Recognizing Miracles
© 5 May 2014 Luther Tychonievich
Licensed under Creative Commons: CC BY-NC-ND 3.0
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How do you know if it is a miracle?


In computability theory, there is a useful concept called an oracle. An oracle is a device that can give a yes/no answer to a particular family of questions instantly. We use them as a way of exploring ideas like “‍so we don’t know how to do x, but if we did would y still be hard to do?‍”

Does it take an oracle to know if you have witnessed a miracle?

Let’s take a real example. Last week my apartment, a basement apartment, flooded. It had rained hard for a few days and between 7:30 and 9:30 pm my apartment went from dry to having half an inch of standing water on most floor surfaces. Friends and neighbors arrived and we scooped and vacuumed about 100 gallons of water out of the house, but it was still coming in. After a couple of hours I thanked them for their help, gave up, and went to bed. I prayed earnestly before retiring that the water problem would go away as I was tired and had a full day the next day and didn’t want to deal with it in the morning. In the morning instead of large regions with a half inch of water, as there had been the night before, there were just a few smallish puddles. 15 minutes with a wet-and-dry vacuum and my apartment was just slightly damp.

Was this a miracle? I know some of my readers will immediately think “‍yes‍” and others “‍no‍”, and that’s OK. Would it have been a miracle if

Is there a decision procedure for recognizing miracles, or does it take an oracle to know if an experience was one or not? If a glowing human-like being appears to you how do you decide if you should describe it as an angel, a space alien, a prank, or a hallucination?

I’ve heard it said, “‍faith precedes the miracle‍” The wording first came to my attention as the name of a book containing a collection of excerpt from talks given by Spencer W. Kimball. I suspect that is not its origin, but haven’t tried to track it down. Partly this is divine pedagogy, but partly it is a definition of miracle. Those with faith in a god of miracles see miracles; those with faith there are not miracles see none.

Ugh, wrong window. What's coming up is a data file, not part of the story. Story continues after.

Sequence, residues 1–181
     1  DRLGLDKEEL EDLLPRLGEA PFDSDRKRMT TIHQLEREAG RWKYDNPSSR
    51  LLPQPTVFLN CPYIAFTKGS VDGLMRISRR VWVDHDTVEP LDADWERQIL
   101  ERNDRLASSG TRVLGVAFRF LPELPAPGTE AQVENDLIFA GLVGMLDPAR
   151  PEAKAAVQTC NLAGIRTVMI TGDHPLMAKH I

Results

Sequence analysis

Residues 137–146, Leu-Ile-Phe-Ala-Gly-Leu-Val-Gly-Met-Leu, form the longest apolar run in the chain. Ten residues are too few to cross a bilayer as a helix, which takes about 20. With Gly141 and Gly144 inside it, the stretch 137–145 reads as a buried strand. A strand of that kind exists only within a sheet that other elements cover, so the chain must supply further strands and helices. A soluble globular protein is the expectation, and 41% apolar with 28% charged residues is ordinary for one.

That said, there is an oracle. In my religion we call it “‍the feeling of the Holy Ghost‍” or other words like that. The spirit within can recognize the spirit without and in the moment a heavenly vision is undeniably heavenly. But who would believe such a witness? In 1 Kings 19, for example, Elijah tells us “‍the LORD was not in the fire‍”, while in Exodus 3 we learn that “‍the LORD appeared unto [Moses] in a flame of fire‍”. How do we know? We have only their word for it. Both saw fire where fire ought not to be; one said God was in it and the other said He was not.

The real problem, though, is that we have only our own past self’s word for it that miracles we ourselves have seen were indeed miraculous. The oracle itself is not memorable, leaving us with just the memory of the thought that “‍this is a miracle‍”, and not the witness that confirms it as such. Many are the events in my life that I know I knew to be divine in the moment. Many are the times that I recall doubting one of those and then remember a new witness of divinity coming. The oracle spoke. But it was an oracle; its declarations are not ones that I can arrive at on my own.

Was the receding water in my apartment last week a miracle? I could tell you, but I don’t see the benefit in doing so. The question is, I think, more interesting than either answer could be.

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